Blue Jays GM Riccardi Outfoxes Naysayers

Brandon HeikoopSenior Analyst IJune 17, 2009

OAKLAND, CA - MAY 10:  Brett Cecil #27 of the Toronto Blue Jays pitches against the Oakland Athletics during a Major League Baseball game on May 10, 2009 at the Oakland Coliseum in Oakland, California.  (Photo by Jed Jacobsohn/Getty Images)

Now I am simply confused...

Listening to Toronto's AM 640 yesterday, the sub for Bill Waters was discussing the Blue Jays and taking calls about the Blue Jays. There seemed to be an ongoing theme that J.P. Riccardi did not know what he had in terms of arms in the system. This theme was coming as praise for the young arms in the Blue Jays system with the solid job they had done to this point.

The host mentioned that Jays fans had been told that there is not much in the cupboards, that the Jays were going into the season with five starting pitchers and needed health in order to be competitive.

The first issue is that this is simply obvious. Very few teams can afford to dig deep into the minors in order to cover up long-term injuries to their starting five. I would say that Baltimore, Boston, and San Francisco are two exceptions to the rule, with others being capable of replacing low-end starters, but having no hope of replacing top end starters.

That aside, I find this report to be conflicting with what another writer stated (one whom I ripped up) that the Jays had raised a white flag on the season prior to Spring Training. That is, the author of the aforementioned article mentioned that the Jays actually had nothing in the cupboards and in order to be competitive, should have spent money and draft picks to add proven starters.

However, quite the opposite has proven to be true—something I asserted. The host of the Bill Waters show on AM 640 should have taken Riccardi's inaction during the offseason as evidence that he had faith in the youth that had been coming through. Riccardi's big off-season splash to his rotation was bringing in Matt Clement and a minor signing was Bryan Bullington. Clement proved to be as useless as one could be, but Bullington has offered some nice organizational depth, even showing some of the promise that once made him the first overall pick.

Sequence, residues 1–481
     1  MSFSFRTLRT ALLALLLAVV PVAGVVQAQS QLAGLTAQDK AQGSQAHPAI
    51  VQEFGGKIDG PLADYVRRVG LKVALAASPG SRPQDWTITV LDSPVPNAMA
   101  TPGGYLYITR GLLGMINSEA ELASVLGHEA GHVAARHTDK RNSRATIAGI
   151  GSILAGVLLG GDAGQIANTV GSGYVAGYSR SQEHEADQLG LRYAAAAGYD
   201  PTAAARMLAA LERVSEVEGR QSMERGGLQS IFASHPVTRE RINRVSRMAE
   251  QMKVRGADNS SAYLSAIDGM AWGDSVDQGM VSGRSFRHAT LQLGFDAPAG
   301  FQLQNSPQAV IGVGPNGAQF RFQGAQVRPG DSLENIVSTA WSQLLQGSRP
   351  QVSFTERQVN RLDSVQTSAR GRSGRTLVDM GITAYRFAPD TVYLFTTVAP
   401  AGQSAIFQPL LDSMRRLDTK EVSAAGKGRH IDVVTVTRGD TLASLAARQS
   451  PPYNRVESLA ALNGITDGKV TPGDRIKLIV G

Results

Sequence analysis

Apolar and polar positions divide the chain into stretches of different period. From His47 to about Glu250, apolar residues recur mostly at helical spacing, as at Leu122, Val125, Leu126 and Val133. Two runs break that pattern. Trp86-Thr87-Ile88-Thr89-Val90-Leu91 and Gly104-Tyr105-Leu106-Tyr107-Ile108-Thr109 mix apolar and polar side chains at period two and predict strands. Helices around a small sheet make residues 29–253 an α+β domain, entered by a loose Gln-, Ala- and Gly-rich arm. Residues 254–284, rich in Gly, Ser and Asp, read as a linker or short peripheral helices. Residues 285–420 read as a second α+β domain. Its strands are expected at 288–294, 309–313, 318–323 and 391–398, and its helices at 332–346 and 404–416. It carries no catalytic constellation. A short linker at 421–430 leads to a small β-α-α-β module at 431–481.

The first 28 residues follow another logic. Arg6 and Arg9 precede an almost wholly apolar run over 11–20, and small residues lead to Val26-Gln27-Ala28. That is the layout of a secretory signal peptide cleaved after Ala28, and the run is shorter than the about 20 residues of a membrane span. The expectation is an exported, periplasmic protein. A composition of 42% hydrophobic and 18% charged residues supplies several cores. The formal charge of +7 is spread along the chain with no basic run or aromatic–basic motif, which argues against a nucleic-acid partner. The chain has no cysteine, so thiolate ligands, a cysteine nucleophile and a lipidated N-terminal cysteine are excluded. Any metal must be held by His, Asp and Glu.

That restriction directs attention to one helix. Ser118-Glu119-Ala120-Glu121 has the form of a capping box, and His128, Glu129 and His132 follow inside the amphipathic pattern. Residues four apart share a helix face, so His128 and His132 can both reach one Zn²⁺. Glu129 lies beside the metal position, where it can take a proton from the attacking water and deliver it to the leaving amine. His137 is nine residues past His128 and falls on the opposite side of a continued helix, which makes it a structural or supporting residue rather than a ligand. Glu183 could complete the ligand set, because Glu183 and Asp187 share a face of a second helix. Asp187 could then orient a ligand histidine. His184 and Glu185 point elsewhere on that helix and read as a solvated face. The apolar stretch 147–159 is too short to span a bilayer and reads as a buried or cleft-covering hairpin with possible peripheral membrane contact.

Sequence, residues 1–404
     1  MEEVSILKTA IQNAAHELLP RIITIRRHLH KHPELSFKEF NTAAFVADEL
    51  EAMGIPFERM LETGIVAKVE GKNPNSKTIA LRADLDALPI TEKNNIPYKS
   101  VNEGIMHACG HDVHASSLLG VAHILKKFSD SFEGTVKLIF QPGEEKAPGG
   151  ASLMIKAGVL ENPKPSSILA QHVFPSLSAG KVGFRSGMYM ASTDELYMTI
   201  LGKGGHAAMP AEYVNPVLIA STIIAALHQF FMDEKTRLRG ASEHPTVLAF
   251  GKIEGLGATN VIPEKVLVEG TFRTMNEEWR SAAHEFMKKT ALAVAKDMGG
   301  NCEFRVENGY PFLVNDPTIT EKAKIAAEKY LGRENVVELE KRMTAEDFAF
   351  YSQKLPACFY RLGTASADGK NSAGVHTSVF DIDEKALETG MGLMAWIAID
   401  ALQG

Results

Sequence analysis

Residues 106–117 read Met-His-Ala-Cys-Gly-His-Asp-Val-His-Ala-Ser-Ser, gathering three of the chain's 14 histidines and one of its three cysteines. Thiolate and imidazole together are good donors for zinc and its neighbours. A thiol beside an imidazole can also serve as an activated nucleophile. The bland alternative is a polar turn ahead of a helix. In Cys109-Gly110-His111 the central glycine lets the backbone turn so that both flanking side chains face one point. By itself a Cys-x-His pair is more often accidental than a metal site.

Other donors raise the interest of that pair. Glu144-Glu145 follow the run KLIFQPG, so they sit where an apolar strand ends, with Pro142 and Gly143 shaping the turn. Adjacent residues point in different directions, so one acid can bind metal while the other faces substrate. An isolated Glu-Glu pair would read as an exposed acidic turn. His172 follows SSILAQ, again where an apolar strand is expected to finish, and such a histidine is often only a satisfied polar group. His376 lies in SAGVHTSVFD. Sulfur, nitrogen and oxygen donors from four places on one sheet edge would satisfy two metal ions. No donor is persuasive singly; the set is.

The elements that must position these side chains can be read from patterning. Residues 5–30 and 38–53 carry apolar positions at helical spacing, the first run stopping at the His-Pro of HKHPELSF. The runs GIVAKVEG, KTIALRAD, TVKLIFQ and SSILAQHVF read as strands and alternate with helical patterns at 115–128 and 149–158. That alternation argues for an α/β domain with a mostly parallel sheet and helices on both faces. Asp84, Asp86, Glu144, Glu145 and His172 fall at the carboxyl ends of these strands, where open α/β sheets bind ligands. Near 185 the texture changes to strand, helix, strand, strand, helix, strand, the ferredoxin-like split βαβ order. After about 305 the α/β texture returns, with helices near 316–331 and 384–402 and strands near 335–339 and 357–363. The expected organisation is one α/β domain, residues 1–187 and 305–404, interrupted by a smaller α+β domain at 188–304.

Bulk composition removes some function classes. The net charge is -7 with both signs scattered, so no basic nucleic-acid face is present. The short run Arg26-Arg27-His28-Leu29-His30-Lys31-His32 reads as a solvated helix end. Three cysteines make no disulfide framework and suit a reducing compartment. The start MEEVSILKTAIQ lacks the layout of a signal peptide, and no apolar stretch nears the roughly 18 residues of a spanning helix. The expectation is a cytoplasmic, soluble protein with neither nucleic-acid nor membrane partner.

To be honest, as someone who was quite familiar with the Jays system, I didn't walk away from this offseason unimpressed. I figured the rotation would be fine and signing free agents would have been useless.

My problem with the discussion on AM 640 is that Riccardi clearly knew what he had. Riccardi showed this by going against the author at Baseball Digest Daily and not wasting money and draft picks. If Riccardi did not know what he had, he would have went the route of Mark Shapiro and signed a David Dellucci-type player (to a long-term, Major League contract).

With over half the season remaining, the Jays have one of the deepest rotations in baseball. The club can comfortably go to its ninth or 10th starter, adequately replacing all but Roy Halladay. The big issue for Jays fans shouldn't be that Riccardi "doesn't know what he has", rather, it should be that Riccardi is going to have some difficult decisions to make for 2010.

That is, with Halladay, Dustin McGowan, and Shaun Marcum, more or less a lock to anchor the front three spots of the rotation, they also have to figure out what to do with youngsters David Purcey, Ricky Romero, Brett Cecil, Robert Ray, and Brad Mills, converts Casey Jansen, Jeremy Accardo, and Brian Tallet, prospect Marc Rzepcynski, and "veterans" Scott Richmond and Bullington.

Oh, and Jesse Litsch along with 2009 draftees Chad Jenkins and James Paxton would be fringey September 2010 contributors.

While the names after Marcum will not blow anyones socks off, each one is plenty capable of being a high-quality fourth or fifth starter.

However, if Riccardi does not do anything, one voice in baseball will claim that he has raised the white flag, while the another will assert that going 10 or 11 deep by mid-June shows that Riccardi is clueless as to what he has.

I see both as Riccardi not wanting to spend on what he knows he already has. It is Riccardi understanding the market.